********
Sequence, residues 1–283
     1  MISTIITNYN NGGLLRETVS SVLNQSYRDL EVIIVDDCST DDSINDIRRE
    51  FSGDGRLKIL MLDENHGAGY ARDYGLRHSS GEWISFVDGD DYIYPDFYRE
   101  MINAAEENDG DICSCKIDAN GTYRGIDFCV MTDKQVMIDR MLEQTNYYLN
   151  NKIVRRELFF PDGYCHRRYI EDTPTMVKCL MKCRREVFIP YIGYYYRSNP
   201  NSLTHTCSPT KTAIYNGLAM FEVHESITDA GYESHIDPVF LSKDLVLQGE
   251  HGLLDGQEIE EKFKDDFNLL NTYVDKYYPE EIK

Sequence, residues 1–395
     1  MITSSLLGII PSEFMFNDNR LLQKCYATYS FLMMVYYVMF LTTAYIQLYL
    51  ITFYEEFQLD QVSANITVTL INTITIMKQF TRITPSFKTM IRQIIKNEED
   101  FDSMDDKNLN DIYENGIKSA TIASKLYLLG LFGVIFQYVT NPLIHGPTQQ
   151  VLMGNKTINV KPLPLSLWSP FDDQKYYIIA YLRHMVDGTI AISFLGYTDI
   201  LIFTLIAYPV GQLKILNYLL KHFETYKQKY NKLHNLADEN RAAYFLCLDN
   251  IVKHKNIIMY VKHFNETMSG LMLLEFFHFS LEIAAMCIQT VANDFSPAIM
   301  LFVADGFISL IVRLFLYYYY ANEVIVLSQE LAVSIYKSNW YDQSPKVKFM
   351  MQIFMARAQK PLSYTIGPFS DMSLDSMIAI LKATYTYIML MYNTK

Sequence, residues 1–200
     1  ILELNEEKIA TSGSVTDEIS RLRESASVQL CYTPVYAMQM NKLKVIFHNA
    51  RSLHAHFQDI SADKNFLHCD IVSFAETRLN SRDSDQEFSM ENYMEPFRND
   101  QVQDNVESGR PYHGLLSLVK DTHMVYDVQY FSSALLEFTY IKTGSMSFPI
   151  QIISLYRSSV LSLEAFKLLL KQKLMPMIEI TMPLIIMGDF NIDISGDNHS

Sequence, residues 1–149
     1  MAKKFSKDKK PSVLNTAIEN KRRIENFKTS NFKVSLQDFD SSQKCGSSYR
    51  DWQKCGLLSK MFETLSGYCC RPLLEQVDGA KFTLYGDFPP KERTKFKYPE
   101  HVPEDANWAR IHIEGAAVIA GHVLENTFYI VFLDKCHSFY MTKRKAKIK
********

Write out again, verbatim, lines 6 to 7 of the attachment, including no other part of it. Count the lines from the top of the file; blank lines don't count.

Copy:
   201  NSLTHTCSPT KTAIYNGLAM FEVHESITDA GYESHIDPVF LSKDLVLQGE
   251  HGLLDGQEIE EKFKDDFNLL NTYVDKYYPE EIK